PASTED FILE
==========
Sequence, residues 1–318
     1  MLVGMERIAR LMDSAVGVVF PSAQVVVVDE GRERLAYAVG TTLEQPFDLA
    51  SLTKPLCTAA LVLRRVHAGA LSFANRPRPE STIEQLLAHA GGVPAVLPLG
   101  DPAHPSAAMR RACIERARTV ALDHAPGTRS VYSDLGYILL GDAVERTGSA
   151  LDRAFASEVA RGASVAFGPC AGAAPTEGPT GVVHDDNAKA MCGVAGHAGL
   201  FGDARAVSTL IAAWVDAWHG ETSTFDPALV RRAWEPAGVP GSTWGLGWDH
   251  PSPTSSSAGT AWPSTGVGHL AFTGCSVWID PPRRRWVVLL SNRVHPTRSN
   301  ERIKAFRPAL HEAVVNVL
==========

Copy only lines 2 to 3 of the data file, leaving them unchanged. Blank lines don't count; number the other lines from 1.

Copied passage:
     1  MLVGMERIAR LMDSAVGVVF PSAQVVVVDE GRERLAYAVG TTLEQPFDLA
    51  SLTKPLCTAA LVLRRVHAGA LSFANRPRPE STIEQLLAHA GGVPAVLPLG